Argentina: donÃ¢ÂÂt mention the nerves
The worst pub stories and jokes, as we all know, are the ones for which Ã¢ÂÂyou had to be there.Ã¢ÂÂ And in the same way that closing-time alcohol-fuelled feuds tend to reach their climax, the crossfire between the German and Argentine camp has also taken a totally avoidable route.
Pre-match tension, arguments about dodgy decisions in past meetings between the two and general dislike of the opposing nation are to be expected when the World Cup reaches the knock out phase.
But when Bastian Schweinsteiger said what we all already knew, and predicted that Argentina will try to provoke them in SaturdayÃ¢ÂÂs quarter final, he goaded Maradona into a response. Ã¢ÂÂWhatÃ¢ÂÂs wrong Schweinsteiger, are you nervous?Ã¢ÂÂ German captain Philipp Lahm then backed up his boys saying that Argentina are simply bad losers.
The anti-Maradona camp would be keen to point the finger at Diego for answering back and escalating the war of words, and on the face of it, it may look like Diego was picking a fight. But those who saw the Argentina coach Ã¢ÂÂchallengingÃ¢ÂÂ the German midfielder would have seen a different side to the story.
Set up by his smiling interviewers, Maradona put it away: Ã¢ÂÂEshtash nerviosho, Schweinsteiger?!Ã¢ÂÂ The giggling Maradona was impersonating Nestor Kirchner, the former Argentina president, copying the famous phrase from Senor Kirchner when he challenged the media empire Clarin about their consistently anti-government editorial line.
The lisping was all part of the joke - a joke that those who speak Spanish and know the Kirchner/Clarin battle well would get. For the rest of us, you had to be there.
The fact that Diego was laughing and joking with journalists in the build up to the quarter-final in itself mildly ironic, and not just because this is the man who told reporters during qualifiers that "You can keep sucking it".
Upon the final whistle against Mexico, the Argentina players rounded on the national press, reflecting MaradonaÃ¢ÂÂs Ã¢ÂÂitÃ¢ÂÂs us against themÃ¢ÂÂ attitude. It's bizarre that they should seriously think the Argentine media want the national team to fail, given that the 2010 account books rest largely upon the AlbicielesteÃ¢ÂÂs performance in South Africa. But itÃ¢ÂÂs what the players (and Maradona when heÃ¢ÂÂs not sending up politicians) all seem to believe.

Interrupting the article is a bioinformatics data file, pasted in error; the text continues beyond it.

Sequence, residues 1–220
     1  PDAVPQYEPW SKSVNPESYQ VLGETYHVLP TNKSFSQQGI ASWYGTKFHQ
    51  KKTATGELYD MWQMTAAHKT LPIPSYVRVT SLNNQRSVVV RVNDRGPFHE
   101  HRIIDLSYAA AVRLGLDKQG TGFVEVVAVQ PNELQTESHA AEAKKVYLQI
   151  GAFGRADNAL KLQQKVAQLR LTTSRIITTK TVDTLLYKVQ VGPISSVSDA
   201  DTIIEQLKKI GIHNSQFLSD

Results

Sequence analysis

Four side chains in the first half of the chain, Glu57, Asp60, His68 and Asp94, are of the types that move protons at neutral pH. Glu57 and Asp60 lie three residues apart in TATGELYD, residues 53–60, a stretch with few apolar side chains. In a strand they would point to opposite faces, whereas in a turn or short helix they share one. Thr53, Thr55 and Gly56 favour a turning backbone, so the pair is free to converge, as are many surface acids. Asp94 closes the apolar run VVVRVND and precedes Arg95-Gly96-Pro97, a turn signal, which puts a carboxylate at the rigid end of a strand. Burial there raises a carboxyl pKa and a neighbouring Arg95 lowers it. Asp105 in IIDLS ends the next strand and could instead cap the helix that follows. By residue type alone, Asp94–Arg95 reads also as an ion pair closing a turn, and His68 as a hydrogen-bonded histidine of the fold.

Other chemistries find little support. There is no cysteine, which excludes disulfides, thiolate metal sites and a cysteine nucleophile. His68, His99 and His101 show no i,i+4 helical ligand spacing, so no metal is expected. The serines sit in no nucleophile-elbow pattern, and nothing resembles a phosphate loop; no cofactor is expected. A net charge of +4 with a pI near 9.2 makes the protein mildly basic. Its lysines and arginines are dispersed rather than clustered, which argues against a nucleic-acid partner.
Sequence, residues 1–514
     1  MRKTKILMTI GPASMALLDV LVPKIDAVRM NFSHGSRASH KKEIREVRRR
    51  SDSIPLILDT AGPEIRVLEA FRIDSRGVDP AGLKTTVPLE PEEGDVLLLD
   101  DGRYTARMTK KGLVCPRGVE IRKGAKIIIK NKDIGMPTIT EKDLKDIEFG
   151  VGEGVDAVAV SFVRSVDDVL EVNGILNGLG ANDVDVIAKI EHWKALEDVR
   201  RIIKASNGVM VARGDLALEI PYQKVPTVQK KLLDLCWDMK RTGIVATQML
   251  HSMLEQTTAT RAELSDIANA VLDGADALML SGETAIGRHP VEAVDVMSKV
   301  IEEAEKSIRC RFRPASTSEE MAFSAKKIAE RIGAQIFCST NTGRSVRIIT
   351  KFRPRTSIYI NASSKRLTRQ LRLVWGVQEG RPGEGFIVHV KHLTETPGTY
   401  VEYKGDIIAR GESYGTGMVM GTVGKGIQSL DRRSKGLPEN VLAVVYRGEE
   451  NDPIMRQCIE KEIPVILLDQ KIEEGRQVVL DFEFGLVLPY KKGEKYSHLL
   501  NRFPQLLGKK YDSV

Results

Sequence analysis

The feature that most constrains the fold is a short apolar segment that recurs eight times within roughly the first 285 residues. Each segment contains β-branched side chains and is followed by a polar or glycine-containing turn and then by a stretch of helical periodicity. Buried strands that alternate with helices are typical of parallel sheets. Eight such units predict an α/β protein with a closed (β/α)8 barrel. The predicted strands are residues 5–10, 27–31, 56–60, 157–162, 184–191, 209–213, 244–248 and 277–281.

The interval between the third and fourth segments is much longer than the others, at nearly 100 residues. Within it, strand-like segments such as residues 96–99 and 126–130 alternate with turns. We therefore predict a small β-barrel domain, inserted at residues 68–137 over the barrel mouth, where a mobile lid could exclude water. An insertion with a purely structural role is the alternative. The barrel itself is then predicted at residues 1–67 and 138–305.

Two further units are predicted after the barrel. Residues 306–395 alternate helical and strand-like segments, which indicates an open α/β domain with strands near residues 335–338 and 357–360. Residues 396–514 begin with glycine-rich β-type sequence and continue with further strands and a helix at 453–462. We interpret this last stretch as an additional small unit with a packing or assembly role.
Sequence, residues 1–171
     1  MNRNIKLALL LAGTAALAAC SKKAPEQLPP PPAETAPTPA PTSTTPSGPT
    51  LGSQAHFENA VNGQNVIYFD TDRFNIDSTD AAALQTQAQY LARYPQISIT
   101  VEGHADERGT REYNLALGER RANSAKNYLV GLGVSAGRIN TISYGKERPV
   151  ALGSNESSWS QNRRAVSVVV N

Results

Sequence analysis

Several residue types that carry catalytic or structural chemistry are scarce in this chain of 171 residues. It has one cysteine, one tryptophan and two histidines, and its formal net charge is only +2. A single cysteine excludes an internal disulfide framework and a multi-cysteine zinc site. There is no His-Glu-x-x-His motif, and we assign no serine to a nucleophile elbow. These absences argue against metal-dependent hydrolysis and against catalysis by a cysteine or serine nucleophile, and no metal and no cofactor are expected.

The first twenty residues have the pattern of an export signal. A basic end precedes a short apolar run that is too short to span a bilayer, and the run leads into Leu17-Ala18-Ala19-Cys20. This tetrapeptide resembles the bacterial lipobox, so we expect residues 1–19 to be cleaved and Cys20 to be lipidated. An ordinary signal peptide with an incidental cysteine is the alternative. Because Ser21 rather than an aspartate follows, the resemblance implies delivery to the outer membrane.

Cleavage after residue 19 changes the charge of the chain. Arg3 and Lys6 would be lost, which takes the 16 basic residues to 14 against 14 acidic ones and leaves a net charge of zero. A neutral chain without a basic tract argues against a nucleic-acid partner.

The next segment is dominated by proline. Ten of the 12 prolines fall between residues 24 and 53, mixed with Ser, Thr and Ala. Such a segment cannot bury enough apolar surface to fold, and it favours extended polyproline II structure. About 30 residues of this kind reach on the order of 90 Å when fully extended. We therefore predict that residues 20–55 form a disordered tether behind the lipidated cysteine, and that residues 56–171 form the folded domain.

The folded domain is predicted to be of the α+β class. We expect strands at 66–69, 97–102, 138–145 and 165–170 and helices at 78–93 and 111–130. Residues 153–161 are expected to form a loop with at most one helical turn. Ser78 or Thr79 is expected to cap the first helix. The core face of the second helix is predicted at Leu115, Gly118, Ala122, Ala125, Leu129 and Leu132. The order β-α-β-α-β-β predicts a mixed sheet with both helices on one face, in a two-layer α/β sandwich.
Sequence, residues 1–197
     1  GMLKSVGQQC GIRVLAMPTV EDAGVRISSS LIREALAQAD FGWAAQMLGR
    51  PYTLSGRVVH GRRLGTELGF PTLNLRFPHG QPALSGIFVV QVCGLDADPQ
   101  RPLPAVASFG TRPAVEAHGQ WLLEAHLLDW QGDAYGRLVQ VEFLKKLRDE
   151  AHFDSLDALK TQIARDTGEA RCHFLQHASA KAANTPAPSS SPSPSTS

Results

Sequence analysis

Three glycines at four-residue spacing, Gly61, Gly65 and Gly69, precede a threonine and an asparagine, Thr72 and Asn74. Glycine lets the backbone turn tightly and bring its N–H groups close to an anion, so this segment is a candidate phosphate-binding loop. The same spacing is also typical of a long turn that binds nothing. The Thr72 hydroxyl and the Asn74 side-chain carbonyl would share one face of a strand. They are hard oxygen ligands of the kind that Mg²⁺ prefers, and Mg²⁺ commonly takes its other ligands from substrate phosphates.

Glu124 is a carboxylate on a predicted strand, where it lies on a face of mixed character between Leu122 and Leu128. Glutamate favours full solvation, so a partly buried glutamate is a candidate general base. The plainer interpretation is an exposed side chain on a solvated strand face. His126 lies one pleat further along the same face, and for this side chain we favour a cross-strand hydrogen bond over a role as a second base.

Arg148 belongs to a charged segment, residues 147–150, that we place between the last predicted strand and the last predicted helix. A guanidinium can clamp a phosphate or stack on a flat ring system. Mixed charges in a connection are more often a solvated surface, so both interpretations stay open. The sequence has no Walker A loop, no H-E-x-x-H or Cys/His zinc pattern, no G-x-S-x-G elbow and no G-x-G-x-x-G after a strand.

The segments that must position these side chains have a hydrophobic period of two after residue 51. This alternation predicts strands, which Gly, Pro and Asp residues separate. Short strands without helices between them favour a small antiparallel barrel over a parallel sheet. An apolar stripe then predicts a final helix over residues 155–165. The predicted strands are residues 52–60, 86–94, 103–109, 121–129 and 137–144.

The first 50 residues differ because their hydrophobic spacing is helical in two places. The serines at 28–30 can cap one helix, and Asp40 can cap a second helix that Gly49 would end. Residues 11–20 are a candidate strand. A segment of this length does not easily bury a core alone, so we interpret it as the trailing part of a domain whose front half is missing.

Whether the press are supporting Argentina is one thing. Whether thousands of locals in South Africa are supporting them is beyond doubt. Those who have adopted Argentina as their team after SA have mostly done so for one reason. Messi. And as we all know, Messi has yet to score at the World Cup.
Maybe it will be Messi whoÃ¢ÂÂs nervous ahead of playing Germany. Maybe the Germans should be nervous because Messi is due a goal. He wonÃ¢ÂÂt admit it, but maybe MaradonaÃ¢ÂÂs nervous that Messi wonÃ¢ÂÂt perform in the quarter-finals.
The Flea wonÃ¢ÂÂt be at 100% - Ã¢ÂÂHeÃ¢ÂÂs a bit bunged up,Ã¢ÂÂ said full-back Clemente Rodriguez about MessiÃ¢ÂÂs Ã¢ÂÂfluÃ¢ÂÂ which prevented him training on Thursday Ã¢ÂÂ but snotty-nosed or not, Messi will face Germany, and should line up with the same 10 team-mates who defeated Mexico.
Germany represent ArgentinaÃ¢ÂÂs first big test of the tournament, and after the way Joachim LowÃ¢ÂÂs men breezed to this stage, the opposite is true. Throw in some postmatch fighting from the 2006 clash between the two, expect lots of prematch nerves...